As students prepare to return to campus, they don't have to worry about buying the latest technology. They can rent it by the week, month or semester at CSU Monterey Bay's TechRent store.
This fall, the store is back for its fifth year, offering students an affordable alternative to costly purchases.
Since the spring of 2010, TechRent has saved students more than $616,000 in equipment purchase costs and generated nearly $66,000 in rental fees. That money supports the store's operations and covers the cost of purchasing additional technology.
The store operates virtually, meaning that students are able to learn about and place orders for products, including clickers, laptops – the most requested item – flip cams, iPads, calculators, cameras and pocket projectors, online, and pick them up at the TechRent desk located in the Media Learning Center outside Room 111 or in the west lobby of the building.
Other items in the store's inventory include Kodak cams, Bamboo touch pads and smart pens. Since the program's inception, 2,109 items have been rented.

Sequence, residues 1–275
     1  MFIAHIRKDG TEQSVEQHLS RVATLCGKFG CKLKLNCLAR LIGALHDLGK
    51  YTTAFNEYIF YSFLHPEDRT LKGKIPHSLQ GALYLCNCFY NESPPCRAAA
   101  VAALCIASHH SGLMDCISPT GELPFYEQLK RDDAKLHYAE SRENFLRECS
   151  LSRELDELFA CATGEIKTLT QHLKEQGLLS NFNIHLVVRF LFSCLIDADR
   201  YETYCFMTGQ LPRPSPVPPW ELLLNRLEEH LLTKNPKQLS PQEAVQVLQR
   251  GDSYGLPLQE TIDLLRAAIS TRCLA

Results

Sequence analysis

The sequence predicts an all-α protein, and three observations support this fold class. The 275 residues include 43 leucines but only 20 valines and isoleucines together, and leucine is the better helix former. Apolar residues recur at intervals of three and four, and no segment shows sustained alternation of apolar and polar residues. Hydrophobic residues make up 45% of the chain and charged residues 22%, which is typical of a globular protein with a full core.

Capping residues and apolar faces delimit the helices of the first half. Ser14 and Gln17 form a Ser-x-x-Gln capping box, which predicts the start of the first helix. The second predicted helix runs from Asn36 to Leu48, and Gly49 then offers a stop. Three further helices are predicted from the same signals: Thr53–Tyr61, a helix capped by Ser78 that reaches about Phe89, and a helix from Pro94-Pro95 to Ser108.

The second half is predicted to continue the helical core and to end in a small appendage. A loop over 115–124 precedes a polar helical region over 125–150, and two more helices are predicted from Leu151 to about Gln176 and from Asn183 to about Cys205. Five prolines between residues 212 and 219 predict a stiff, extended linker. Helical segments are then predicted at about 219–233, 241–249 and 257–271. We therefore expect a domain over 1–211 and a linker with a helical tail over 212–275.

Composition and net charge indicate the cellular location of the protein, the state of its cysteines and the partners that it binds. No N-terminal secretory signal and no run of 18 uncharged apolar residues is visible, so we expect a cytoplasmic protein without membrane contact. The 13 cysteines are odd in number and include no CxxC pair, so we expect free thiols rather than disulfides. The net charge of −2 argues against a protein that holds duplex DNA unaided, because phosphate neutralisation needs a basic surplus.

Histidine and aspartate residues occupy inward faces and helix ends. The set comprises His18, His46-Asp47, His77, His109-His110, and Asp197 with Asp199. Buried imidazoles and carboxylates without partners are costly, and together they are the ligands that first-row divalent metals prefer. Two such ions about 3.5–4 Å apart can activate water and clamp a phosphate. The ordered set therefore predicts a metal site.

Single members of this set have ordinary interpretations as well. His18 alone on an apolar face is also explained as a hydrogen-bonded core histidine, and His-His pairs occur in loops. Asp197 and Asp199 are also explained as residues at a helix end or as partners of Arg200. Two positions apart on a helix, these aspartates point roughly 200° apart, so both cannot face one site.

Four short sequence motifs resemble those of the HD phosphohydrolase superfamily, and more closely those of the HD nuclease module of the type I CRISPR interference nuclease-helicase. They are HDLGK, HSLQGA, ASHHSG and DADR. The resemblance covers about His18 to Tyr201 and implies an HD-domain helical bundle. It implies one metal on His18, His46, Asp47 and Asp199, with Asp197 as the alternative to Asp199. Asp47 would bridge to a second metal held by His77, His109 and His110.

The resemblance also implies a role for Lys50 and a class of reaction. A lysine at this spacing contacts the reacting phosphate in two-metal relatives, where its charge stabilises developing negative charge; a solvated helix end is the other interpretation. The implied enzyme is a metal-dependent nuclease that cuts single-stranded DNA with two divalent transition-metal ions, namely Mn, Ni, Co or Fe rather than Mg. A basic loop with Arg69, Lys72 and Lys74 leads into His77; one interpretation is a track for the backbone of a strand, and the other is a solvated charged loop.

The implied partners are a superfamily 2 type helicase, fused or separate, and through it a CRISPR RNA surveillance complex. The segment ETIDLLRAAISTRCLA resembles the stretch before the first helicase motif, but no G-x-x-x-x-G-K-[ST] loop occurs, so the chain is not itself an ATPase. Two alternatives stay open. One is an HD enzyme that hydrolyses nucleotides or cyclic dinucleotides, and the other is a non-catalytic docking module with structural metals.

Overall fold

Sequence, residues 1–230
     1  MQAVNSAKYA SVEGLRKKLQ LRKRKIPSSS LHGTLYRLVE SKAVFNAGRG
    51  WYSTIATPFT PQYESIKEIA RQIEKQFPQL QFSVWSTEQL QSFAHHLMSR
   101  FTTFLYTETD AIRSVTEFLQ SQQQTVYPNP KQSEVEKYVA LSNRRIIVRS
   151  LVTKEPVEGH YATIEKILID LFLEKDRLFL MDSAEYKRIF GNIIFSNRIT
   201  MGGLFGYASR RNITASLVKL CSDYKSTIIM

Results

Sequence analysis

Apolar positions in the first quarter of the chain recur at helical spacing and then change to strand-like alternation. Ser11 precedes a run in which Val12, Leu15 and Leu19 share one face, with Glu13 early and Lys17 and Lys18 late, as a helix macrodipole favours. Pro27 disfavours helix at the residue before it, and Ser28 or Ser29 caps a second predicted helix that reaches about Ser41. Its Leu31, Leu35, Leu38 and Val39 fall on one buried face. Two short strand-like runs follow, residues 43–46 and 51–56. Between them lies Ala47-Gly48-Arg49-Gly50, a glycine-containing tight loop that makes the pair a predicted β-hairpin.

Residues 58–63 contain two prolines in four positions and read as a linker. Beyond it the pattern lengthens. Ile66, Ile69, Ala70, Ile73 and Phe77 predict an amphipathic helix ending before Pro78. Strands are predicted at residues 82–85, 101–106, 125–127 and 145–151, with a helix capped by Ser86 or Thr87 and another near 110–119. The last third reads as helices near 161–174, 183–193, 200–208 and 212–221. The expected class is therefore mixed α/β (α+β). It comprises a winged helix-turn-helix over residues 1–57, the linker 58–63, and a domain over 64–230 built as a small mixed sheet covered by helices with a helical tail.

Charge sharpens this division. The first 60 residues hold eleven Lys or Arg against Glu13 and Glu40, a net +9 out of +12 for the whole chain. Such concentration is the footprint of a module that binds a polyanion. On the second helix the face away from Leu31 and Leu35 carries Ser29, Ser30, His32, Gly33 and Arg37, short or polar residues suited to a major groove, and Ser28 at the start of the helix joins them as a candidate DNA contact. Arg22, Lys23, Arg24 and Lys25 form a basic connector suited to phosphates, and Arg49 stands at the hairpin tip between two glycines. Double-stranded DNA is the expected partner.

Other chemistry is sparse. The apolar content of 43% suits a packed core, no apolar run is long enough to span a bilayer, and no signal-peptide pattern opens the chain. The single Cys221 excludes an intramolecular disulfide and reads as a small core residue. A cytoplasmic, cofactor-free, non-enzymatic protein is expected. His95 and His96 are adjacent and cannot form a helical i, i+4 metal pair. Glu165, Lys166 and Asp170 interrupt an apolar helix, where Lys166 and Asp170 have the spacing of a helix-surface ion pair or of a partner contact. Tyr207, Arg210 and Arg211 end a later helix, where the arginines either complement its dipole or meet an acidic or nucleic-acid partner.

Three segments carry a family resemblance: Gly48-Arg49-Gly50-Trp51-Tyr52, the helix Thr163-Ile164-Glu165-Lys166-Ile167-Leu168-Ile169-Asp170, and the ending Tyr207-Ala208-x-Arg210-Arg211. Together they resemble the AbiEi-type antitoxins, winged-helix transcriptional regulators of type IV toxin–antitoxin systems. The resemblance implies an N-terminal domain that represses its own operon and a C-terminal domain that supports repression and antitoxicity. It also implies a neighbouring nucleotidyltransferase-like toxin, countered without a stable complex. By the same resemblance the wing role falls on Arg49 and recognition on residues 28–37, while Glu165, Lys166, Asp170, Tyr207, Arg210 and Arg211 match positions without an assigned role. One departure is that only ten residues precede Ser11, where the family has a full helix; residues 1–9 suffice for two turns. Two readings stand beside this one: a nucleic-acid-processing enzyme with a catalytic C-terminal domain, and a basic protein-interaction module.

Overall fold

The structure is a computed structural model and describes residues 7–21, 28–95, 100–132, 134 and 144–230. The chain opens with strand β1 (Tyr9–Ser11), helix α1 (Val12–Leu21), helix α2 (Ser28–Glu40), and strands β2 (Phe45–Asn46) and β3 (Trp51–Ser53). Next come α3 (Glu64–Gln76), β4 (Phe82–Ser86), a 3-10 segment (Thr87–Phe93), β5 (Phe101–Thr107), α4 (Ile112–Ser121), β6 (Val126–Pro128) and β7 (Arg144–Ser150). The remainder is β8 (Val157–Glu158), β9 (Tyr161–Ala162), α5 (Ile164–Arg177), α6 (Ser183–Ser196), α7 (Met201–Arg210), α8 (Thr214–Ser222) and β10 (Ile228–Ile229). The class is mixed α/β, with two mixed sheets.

Quantity and variety of items for rent have continued to expand in response to campus needs. Faculty members may borrow equipment for a few weeks to experiment with implementation into their courses. Rentals are also available to them and to staff members.
The project was launched with funding from the U.S. Department of Education. Arlene Krebs, director of CSUMB’s Wireless Education and Technology Center, is the force behind TechRent. She responded to a call for textbook rental grant applications from the Education Department’s Fund for the Improvement of Post-Secondary Education with her equipment rental idea.
CSUMB was awarded just under $300,000 in the fall of 2009; the virtual store was up and running three months later.
The TechRent team includes Krebs and Jonathan Baptista, who serves as store manager and technical support guru. They ensure that all technologies are accessible for people with learning and physical disabilities.
"We've established a unique service for our campus community," Krebs said, "a campus resource that has become as important as the library and the bookstore."